Parenting / 21 September, 2021 / My Baba
As a parent, you naturally want to give your child all the advantages you can and invest in your child’s future in the best way possible. However good your childhood was, you want theirs to be better, and so it goes for every stage of their life. Part of being a good parent (the biggest part, really) is simply being there and caring, but that’s surely a low bar to reach. You can do more, and you should do more.
In these times, though, being a good parent has become shockingly confusing. We face so much uncertainty due to living in a world with countless major challenges (COVID-19 being the one that’s most directly changed daily life) that it’s perfectly normal to feel lost. What decisions are best for your child’s future? What exactly can you do today to help them grow? How can you invest in your child’s future?
In this post, we’re going to set out five worthwhile actions you can take. This is far from an exhaustive list (a parent’s duties never end, of course), but it should help. Let’s get started.
Finances are incredibly important, so we need to start out with a few points on the topic. Firstly, while it’s distressing to think about your mortality (no parent wants to imagine leaving their child alone in the world at an early age), it’s utterly vital that you do so. Tomorrow isn’t promised to us, and you need to prepare for the worst so you can relax and focus on more pleasant topics.
That means arranging a life insurance policy that can make life easier for your child (and your family in general) should the nearly unthinkable happen to you. Look into a variable policy like Post Office life cover so you can pay only as much as you want to and make a commitment you can actually stick to. Remember that it’s a cost you’ll have to pay indefinitely, so take it seriously.
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Pension schemes aren’t what they once were. Years back, it was possible for someone to have one pension scheme from one company and have the confidence that it would grant them tremendous financial freedom once they retired. These days, pension payments keep going down while retirement age gets pushed back — but that’s no reason to give up.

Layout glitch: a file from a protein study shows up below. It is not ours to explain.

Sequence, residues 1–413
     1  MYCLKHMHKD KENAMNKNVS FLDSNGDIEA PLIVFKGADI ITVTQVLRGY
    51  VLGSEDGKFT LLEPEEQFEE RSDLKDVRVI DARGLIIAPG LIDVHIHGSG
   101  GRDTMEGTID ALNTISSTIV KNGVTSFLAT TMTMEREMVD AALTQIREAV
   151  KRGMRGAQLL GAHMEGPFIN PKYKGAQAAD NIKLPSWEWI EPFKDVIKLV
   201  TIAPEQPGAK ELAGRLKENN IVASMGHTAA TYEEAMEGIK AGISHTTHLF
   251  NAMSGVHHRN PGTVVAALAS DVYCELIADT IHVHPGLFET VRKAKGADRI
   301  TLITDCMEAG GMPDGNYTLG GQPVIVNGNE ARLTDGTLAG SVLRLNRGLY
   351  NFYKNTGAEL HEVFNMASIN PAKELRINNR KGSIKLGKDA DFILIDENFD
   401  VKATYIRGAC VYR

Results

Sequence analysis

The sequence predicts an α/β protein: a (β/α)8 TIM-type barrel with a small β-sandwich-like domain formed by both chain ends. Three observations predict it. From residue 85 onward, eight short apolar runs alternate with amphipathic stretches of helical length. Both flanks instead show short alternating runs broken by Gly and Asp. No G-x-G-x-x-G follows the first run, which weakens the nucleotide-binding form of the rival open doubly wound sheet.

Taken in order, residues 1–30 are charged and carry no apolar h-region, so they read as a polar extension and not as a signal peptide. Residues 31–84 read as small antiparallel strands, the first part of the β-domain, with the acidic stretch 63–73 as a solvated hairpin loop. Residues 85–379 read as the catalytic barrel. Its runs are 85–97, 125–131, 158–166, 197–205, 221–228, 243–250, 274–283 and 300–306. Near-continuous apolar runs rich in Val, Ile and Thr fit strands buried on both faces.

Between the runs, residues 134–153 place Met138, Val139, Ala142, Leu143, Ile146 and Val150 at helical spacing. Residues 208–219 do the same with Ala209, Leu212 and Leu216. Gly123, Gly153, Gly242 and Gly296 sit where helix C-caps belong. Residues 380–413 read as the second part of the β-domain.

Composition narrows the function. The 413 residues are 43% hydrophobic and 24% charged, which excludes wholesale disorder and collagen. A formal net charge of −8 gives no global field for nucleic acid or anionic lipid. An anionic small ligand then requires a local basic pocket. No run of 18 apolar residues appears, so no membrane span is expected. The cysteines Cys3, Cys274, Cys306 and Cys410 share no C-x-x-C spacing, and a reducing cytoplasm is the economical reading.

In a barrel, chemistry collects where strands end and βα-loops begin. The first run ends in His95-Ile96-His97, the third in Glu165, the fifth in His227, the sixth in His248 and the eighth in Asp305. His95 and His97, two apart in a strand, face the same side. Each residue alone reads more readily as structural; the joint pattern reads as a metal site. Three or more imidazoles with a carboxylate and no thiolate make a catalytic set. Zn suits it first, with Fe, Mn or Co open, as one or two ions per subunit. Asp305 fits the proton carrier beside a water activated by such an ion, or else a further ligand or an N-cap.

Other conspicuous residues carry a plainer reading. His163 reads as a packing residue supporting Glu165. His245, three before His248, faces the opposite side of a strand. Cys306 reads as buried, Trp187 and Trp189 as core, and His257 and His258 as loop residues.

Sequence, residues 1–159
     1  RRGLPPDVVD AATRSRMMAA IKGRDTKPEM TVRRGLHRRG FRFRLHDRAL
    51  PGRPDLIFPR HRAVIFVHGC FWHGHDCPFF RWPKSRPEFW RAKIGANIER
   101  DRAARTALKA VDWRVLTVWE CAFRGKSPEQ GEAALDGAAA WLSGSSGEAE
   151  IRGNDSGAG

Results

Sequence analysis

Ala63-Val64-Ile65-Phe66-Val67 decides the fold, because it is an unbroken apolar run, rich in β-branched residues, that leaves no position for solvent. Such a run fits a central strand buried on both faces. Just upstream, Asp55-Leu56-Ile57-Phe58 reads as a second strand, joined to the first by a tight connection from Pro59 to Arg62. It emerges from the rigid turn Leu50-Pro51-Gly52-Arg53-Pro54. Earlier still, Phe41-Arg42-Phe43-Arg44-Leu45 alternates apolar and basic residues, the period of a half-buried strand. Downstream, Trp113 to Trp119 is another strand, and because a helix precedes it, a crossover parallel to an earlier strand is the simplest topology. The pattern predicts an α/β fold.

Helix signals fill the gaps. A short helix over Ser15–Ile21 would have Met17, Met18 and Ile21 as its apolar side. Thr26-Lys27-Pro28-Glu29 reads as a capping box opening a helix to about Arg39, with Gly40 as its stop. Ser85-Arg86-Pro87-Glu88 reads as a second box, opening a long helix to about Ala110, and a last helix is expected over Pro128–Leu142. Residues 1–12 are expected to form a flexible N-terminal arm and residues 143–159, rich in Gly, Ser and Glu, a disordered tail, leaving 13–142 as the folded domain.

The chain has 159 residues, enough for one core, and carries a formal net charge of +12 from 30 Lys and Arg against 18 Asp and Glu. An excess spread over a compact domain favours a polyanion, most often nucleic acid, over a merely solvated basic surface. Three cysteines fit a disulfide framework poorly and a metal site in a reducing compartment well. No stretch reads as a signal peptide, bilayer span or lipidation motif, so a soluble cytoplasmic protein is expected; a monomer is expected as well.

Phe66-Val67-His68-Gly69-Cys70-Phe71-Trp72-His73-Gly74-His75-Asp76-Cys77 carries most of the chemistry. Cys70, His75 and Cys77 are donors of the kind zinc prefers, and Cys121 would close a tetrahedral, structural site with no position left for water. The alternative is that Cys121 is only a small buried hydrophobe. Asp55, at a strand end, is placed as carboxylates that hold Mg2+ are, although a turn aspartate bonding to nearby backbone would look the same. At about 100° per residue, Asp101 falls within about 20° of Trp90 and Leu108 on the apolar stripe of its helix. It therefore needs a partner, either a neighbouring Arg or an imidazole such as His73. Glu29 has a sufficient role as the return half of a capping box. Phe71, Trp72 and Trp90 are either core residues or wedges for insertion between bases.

The more you can set yourself up for retirement, the better you’ll be positioned to provide the help your child needs in the decades to come. And since you’ll no doubt want to pass what you own to them in your will, it all goes towards them, surely a great way to invest in your child’s future. When you can, pay more into your pensions, and set up new pension pots if that’s possible. Spread the investment so you’re not wholly dependent on one scheme, just in case something should go wrong.
The last point to make about money is that it’s a good idea to also create a savings account directly in your child’s name. You can make it fully accessible to them when they reach adulthood, or simply use it to fund things on their behalf (such as education fees). The other investments will pay off much later, so this is about the nearer future.
You can invest in an account with reasonable interest, but remember that flexibility is important. It’s no help to have money saved if you can’t withdraw any of it when you actually need it, so don’t expect the money you save to massively appreciate. Instead, view it as a fund you can open in the case of an emergency, and do everything you can to keep it going no matter what else happens with your personal financial situation.
It’s often tempting to focus on particular skills such as playing an instrument or speaking a language, and such things are undeniably useful, but you don’t need to be so specific. It’s also true that kids pushed to do such things can end up resenting it. So what can you do to help them develop intellectually and improve their career prospects?
Well, there’s one thing in particular that’s always worth doing, and that’s cultivating their curiosity. Children are naturally curious, but it won’t last if it isn’t supported. Pose them questions whenever you can, encouraging them to critically analyze the world around them. How do systems work? What might they create? You still need to give them structure, but ensure that you leave enough room within that for them to stay engaged.
The move to remote education has made life much harder for children who feed off opportunities to communicate with their peers — and while we can’t yet know what the long-term consequences will be, it’s reasonable to worry that one result will be a generation of young adults who struggle to engage with others and lack fully-formed identities.
Due to this, you should put in extra effort to ensure that your child has something approaching a traditional level of social activity. This will likely include a mixture of virtual get-togethers and real-world events (after all, the repercussions of the pandemic aren’t likely to fade for a long time yet). Verywell Family has some good suggestions here. The more friends they can make early on, the easier they’ll find it to make friends later, so the foundation you help them build now can hugely influence the course of their life.
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